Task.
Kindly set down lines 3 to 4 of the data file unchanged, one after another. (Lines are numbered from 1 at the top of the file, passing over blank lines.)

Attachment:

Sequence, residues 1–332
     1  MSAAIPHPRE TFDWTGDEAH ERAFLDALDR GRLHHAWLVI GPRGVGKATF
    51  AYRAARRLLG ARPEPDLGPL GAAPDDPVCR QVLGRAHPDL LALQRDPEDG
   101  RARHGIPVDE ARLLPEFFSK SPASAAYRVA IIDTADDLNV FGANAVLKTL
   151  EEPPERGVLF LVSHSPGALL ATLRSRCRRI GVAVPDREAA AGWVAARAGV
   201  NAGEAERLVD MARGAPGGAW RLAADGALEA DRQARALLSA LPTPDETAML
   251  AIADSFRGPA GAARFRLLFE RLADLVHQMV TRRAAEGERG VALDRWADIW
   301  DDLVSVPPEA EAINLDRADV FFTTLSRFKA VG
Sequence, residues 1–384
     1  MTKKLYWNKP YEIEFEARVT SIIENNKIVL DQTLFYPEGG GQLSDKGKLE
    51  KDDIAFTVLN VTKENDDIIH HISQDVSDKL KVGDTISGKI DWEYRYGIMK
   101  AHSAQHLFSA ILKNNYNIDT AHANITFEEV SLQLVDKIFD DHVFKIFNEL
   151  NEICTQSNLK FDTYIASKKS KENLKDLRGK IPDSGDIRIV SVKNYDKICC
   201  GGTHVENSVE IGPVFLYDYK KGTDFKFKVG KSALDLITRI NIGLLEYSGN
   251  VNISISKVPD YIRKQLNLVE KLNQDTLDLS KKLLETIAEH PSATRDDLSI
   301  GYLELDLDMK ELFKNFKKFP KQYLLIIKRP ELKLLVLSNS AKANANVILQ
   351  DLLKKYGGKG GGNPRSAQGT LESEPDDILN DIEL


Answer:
    51  AYRAARRLLG ARPEPDLGPL GAAPDDPVCR QVLGRAHPDL LALQRDPEDG
   101  RARHGIPVDE ARLLPEFFSK SPASAAYRVA IIDTADDLNV FGANAVLKTL